Hudson MFG was a glimmer of something different and I hate that we may never get to see the H9A, an aluminum version, but I am glad that they joined the scene no matter how brief. I truly believe that they have helped push the gun industry in the right direction and hopefully someone will pick up the H9 and continue it. But if not, I’ll still be shooting mine every chance I get because firearms are tools that are meant to be shot and enjoyed. So, after a short story, long, if you are like me and like things that may be a little different, I hope that you at least go out and rent one from your local range and make your own judgement. And if you ever bump into a guy everyone calls Pudge just ask to shoot mine because I’ll be carrying it. -Pudge

Pudge is currently employed by Uncle Sam as a girl scout hat wearer. My handle is Pudge because well, we all know how nicknames always make perfect sense. I grew up in God’s country (the Midwest) where I learned how to hunt and eat anything that moves and some things that don’t, tame horses, build loud cars, and generally be a red blooded American. While attending a school for wayward boys along the Hudson River I was blessed to meet my wife, who we’ll call Red (this nickname does make sense) and she has been putting up with me on my venture to plummet out of airplanes, help others when I can, and constantly trying to find a new part of my body to break. Due to Red and Jackie being best friends I was unfortunate enough to get roped into Mack’s gang of hoodlums and have been doing my best to make him proud since.

Monday, May 6, 2019

Monday Motivation

Today we are returning to our roots as it were. A straight counter story.

A couple of days ago, it was Thursday, we were slammed. Which was problematic because it was a weekday and we were running at minimal manning. And then the phone rang. And of course it was for me.

My buddy Andrew works over at the local big box store. He had texted me thrice prior to calling the store line. But I had left my phone on the work bench in the shop because every good gunsmith is YouTube reliant these days.

Andrew was terse and wanted to make sure I was there until close. He simply stated he was sending a guy over my way who wanted to look at a Glock and needed some training.

"Cool, buddy. I'm slammed over here but I'll try and fit him in. Let's try and get nine holes in week after next. Seeya."

I had customers stacked up and call waiting was beeping at me. I was terse. Andrew seemed annoyed. We'll circle back to that.

Flash forward an hour or so, and I was still slammed, but had gotten things to a manageable level of chaos and was trying to close the deal on a Glock 19MOS with a Vortex RMR, visions of daily revenue requirements dancing in my head.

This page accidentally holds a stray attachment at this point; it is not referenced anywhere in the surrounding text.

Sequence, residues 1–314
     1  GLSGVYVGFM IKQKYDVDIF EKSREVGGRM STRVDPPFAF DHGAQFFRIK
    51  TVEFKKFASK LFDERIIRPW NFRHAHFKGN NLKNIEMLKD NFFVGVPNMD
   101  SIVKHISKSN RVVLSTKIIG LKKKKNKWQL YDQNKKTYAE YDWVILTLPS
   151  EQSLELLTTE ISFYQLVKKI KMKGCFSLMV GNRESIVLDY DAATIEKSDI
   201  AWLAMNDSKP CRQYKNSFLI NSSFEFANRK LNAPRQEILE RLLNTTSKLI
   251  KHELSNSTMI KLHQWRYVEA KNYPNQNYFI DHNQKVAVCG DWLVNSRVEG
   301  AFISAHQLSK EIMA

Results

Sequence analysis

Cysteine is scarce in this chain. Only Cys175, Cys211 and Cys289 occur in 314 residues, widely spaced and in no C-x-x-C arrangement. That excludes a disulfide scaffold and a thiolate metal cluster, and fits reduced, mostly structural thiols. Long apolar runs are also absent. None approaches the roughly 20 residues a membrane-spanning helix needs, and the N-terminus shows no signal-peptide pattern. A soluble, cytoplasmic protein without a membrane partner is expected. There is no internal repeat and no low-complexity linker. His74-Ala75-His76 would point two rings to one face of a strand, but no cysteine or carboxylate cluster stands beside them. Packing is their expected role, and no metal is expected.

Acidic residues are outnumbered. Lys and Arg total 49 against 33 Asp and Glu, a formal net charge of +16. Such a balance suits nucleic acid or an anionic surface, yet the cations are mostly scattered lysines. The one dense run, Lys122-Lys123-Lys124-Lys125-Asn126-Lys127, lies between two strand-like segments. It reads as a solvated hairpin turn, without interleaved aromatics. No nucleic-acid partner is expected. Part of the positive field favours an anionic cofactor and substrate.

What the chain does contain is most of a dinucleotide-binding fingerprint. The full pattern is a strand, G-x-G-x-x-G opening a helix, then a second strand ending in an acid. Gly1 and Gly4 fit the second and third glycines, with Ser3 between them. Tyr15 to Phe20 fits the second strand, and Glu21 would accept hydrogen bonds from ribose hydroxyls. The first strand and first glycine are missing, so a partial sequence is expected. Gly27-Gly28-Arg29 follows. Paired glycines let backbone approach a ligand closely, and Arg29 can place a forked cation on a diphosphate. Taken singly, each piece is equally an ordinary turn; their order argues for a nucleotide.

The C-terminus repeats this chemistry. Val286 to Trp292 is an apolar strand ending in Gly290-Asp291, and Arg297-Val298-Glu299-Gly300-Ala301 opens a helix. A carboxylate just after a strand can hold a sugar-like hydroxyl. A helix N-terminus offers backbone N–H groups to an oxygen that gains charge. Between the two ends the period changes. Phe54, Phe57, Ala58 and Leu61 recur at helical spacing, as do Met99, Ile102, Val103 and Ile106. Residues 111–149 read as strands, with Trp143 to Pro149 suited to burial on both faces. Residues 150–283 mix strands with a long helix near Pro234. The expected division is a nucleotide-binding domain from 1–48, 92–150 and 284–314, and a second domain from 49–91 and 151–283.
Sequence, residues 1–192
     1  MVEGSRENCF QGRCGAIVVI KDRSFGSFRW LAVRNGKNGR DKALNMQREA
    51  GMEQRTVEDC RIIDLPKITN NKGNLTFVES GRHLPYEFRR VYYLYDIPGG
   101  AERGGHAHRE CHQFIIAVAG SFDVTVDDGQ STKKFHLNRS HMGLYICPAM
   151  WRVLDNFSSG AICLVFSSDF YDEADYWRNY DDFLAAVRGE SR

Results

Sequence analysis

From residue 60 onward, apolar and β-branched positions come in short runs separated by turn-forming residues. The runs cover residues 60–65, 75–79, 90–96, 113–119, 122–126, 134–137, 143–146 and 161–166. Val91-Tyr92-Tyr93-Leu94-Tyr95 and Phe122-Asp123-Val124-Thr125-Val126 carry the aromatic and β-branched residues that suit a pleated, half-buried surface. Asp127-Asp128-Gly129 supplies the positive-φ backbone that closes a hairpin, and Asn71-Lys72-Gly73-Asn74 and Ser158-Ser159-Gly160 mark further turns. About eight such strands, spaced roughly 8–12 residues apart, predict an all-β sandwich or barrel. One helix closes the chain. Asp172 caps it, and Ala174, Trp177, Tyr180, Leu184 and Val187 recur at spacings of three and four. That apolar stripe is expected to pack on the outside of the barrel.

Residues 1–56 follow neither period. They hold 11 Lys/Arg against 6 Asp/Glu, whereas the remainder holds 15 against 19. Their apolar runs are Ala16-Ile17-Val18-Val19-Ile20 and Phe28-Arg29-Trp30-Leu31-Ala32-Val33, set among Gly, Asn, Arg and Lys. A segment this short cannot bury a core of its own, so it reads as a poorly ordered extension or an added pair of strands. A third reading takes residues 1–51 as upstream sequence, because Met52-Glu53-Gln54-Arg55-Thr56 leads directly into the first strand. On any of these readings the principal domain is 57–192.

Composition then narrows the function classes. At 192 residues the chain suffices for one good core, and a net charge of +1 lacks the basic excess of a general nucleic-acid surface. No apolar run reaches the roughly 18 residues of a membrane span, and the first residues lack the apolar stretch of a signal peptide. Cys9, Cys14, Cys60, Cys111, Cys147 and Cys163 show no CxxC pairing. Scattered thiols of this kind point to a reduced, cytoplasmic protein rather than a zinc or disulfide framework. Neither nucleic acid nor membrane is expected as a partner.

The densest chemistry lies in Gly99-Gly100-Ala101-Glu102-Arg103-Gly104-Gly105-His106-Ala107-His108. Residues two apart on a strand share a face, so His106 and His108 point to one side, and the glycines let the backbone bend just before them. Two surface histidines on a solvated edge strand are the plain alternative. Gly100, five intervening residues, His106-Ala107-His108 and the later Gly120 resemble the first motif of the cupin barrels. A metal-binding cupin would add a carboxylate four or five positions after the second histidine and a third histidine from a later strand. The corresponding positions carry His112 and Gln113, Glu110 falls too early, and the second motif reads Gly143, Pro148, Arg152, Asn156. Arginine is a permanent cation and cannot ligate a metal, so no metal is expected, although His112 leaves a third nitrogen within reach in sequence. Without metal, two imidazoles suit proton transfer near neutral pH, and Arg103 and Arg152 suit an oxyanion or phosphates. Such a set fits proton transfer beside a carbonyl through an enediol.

And in walks the fellow that Andrew had sent our way. And oh man did my heart sink. Because I can be a judgmental ass on occasion, especially when busy and/or stressed.

And Dude had questions. Jesus, did he have questions. And then an evening class came in that was pre-booked. And I asked if he could come back the next day around 1400, partly because I had money laying on the table and partly because I can kinda be an asshole.

And so the guy came back the next afternoon. And he went a looking at Glock 19s and Glock 43Xs because that's what YouTube said he needed. Good job, YouTube. You done good this time.

And when he set down in the class room and started writing down the always rules, I felt a little better.

And then he said that he'd lost a job in the tech sector; was driving for Lyft, and was worried about both himself and his wife. And I felt like an asshole.

So, we tore apart the rental Glock 19 and wore out the blue gun with a clicky trigger for about an hour. And then we went and flung ammo down range. He was plenty safe and would have qualified at the Georgia Publice Safety Training Center on their POST certification course of fire. Which is something I've realized is a great confidence booster for new shooters. Have them shoot the targets the Troopers shoot and they fell a helluva lot better than they do getting low and to the left groups at some generic ten ring bullseye.

So, after we get done shooting, he has even more questions about cleaning and maintenance. And when he kinda realizes he's worrying himself about nothing when it comes to magazine baseplates, he kinda realizes he's worked himself up, looks at me and says "Thanks for putting up with my questions. My Mom did it too, and I guess I got it from her. I'm just worried and this is new to me."

Well, hell. Buddy, that's what us broken down old gunfighters ought to do best. Answer questions. Help the needy. Give comfort to the scared.

And it gets better. He said he had his Grandpa's gun in the car. And if I could take a look at it. We worried about keeping it clean.

And holy shit if it wasn't an Ordnance Corps stamped Model 11. Like hot damn, that gun helped train aerial gunners down at Eglin. The weapon was in decent shape considering it's age. And he'd done good about keeping it well maintained. Wrapped in a silicone coated gun sock inside a hard case. Sold him some RIG collector's grade oil and a good cloth. And emphasized repeatedly that if he ever had an offer and he wanted to sell it, to please call us.

And told him to come back the next week and we'd shoot some more. But this time I said it hoping he'd come back.

The next day, I had some down time and wandered over to the big box sporting good store for golf balls. I went to look at Turkish shotguns and bug Andrew. I asked him if he did that on purpose. And he said he felt bad for the guy, was stacked up, and knew we would take care of him. I laughed, told him what happened, and went to Hooters for lunch.

This is why we, as a gun culture, win.

Somber Sunday

 So, been wearing a badge for seven months now. I enjoy it. Have had good days, fun days, bad days, and even dare I say it, boring days. Tod...